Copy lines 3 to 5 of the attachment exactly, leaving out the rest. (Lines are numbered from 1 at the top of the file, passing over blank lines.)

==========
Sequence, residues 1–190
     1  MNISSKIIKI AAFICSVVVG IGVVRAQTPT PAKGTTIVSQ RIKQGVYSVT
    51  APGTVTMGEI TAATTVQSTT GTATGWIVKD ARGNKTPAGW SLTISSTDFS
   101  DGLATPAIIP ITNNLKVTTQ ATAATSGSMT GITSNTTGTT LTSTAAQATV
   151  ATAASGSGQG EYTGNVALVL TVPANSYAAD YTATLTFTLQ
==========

    51  APGTVTMGEI TAATTVQSTT GTATGWIVKD ARGNKTPAGW SLTISSTDFS
   101  DGLATPAIIP ITNNLKVTTQ ATAATSGSMT GITSNTTGTT LTSTAAQATV
   151  ATAASGSGQG EYTGNVALVL TVPANSYAAD YTATLTFTLQ